“Into Mischief always had multi-dimensional runners from sprinters to route horses,” Malhouitre said. “He showed quality right away. Every Sunday morning he is in the TDN and it was a very good match on paper.”

Into Mischief is hotter than ever at the moment due to the exploits of GI Florida Derby hero and GI Kentucky Derby contender Audible; MGISW Practical Joke; undefeated GIII Beaumont S. winner Gas Station Sushi; and GSW One Liner. A colt by the Spendthrift stallion co-topped last month’s Fasig-Tipton Gulfstream sale at $1.2 million.

Prior to his success at stud, Into Mischief won the 2007 GI CashCall Futurity S. and earned just south of $600,000 for Hughes’s operation. He is also a half-brother to the farm’s four-time Eclipse winner Beholder (Henny Hughes) and Coolmore’s G2 UAE Derby winner and Kentucky Derby contender Mendelssohn (Scat Daddy).

“It means everything for the farm,” Toffey said of Into Mischief and Beholder’s success. “Into Mischief and Beholder are remarkable horses and both of them were bought for $180,000. To go on and do what they’ve done doesn’t happen very often, so you have to enjoy it when it does. Into Mischief is a once-in-a-lifetime horse and it means the world to the farm.”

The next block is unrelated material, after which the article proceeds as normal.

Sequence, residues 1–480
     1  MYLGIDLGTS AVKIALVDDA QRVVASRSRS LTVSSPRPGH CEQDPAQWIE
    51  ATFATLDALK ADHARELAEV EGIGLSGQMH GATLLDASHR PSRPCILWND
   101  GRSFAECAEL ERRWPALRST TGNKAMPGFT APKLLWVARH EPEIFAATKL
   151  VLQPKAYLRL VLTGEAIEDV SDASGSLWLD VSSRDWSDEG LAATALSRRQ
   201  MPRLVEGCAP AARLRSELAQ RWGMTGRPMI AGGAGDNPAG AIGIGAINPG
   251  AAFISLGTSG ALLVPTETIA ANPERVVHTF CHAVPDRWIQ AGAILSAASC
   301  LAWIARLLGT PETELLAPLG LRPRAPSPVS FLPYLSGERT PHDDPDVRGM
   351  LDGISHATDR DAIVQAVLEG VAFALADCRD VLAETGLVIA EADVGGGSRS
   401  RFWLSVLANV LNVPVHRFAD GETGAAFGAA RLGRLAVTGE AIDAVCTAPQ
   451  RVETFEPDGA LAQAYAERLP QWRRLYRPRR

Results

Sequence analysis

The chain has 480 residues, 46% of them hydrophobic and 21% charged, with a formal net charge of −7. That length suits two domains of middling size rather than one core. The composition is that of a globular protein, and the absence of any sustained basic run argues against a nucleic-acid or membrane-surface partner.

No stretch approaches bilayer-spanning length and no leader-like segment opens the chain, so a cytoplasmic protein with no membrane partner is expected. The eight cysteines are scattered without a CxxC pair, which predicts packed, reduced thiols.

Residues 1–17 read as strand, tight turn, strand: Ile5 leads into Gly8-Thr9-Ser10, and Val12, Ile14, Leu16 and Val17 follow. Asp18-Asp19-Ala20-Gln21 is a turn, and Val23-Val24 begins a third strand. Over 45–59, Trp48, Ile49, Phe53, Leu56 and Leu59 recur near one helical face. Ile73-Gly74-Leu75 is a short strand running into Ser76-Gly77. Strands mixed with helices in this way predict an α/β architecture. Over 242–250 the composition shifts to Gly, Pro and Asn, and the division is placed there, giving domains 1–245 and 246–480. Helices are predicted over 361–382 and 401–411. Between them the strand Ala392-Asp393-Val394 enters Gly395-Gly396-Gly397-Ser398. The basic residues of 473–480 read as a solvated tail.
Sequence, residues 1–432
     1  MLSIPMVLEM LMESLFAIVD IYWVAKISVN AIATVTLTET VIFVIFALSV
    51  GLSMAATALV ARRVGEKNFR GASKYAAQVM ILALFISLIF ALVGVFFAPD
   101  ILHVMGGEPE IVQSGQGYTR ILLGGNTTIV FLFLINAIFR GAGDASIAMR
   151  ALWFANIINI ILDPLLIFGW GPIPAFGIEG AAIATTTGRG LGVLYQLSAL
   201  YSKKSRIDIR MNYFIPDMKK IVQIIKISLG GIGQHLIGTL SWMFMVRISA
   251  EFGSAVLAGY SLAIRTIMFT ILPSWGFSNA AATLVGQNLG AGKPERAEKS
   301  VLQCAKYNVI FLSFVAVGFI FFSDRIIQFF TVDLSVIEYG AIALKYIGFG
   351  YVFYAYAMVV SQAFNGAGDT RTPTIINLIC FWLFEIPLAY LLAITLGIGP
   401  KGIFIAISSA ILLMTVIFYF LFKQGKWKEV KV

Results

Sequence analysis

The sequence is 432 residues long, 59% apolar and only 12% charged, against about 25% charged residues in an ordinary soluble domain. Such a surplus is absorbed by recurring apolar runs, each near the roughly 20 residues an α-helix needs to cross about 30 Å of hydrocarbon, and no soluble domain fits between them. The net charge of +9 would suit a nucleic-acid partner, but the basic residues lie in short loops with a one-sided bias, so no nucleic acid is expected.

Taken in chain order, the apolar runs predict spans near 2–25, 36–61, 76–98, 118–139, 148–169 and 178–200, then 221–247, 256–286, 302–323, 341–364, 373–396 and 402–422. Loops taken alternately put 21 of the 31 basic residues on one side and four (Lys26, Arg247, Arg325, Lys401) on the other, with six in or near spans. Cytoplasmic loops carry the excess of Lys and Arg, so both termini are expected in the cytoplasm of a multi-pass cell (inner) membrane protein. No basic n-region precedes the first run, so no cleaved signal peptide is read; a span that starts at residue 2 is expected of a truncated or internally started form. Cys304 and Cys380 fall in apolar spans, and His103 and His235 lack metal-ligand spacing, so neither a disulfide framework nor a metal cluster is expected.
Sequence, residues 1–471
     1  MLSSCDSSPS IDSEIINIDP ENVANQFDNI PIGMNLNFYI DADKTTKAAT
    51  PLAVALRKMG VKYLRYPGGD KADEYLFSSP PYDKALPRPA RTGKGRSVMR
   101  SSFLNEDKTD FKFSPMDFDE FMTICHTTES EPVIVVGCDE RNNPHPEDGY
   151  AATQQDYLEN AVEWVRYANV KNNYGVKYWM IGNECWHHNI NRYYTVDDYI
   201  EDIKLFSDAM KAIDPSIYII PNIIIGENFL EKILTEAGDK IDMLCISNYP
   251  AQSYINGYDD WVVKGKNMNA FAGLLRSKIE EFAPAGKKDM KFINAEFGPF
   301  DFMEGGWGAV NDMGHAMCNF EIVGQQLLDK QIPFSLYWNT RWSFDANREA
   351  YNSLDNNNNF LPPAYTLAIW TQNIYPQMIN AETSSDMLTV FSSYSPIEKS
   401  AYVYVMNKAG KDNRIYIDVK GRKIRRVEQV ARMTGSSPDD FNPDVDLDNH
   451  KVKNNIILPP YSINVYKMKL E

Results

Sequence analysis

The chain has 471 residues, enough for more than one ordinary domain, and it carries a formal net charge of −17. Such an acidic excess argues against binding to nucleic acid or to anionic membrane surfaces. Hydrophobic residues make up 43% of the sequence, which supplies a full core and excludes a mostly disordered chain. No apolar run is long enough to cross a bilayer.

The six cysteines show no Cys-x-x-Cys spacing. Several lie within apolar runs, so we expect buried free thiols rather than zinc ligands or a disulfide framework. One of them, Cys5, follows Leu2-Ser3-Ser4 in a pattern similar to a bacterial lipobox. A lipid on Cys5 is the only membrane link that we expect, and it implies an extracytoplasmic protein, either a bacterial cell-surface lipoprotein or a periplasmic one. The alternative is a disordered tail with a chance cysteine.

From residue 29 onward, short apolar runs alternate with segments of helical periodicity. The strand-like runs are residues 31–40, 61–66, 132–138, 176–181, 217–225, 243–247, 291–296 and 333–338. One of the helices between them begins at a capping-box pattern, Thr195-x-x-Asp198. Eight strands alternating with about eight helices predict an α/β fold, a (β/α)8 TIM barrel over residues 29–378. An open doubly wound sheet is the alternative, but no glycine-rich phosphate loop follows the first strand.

Beholder retired at the end of 2016 after winning her fourth Eclipse award and her third Breeders’ Cup race in a thrilling showdown with champion Songbird (Medaglia d’Oro) in the GI Breeders’ Cup Distaff. The popular bay produced her first foal this year, a colt by Uncle Mo.

“Beholder is doing great,” Toffey said. “She is back in foal to Curlin and all is well with her. It is not determined yet if we will race the Uncle Mo. Probably, but you never know in this business. We will see how things go and how he grows up. Like every horse we raise, it can go either way. We will make that decision next spring.” @CDeBernardisTDN

Casse Wins Out on Candy Ride Colt After All